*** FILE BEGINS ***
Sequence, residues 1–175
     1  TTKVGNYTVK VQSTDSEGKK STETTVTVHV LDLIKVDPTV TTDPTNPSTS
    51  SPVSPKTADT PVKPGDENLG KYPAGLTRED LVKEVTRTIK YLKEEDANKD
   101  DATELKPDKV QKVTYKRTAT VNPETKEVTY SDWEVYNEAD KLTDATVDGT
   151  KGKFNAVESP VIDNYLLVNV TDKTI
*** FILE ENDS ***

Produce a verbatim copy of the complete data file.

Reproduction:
Sequence, residues 1–175
     1  TTKVGNYTVK VQSTDSEGKK STETTVTVHV LDLIKVDPTV TTDPTNPSTS
    51  SPVSPKTADT PVKPGDENLG KYPAGLTRED LVKEVTRTIK YLKEEDANKD
   101  DATELKPDKV QKVTYKRTAT VNPETKEVTY SDWEVYNEAD KLTDATVDGT
   151  KGKFNAVESP VIDNYLLVNV TDKTI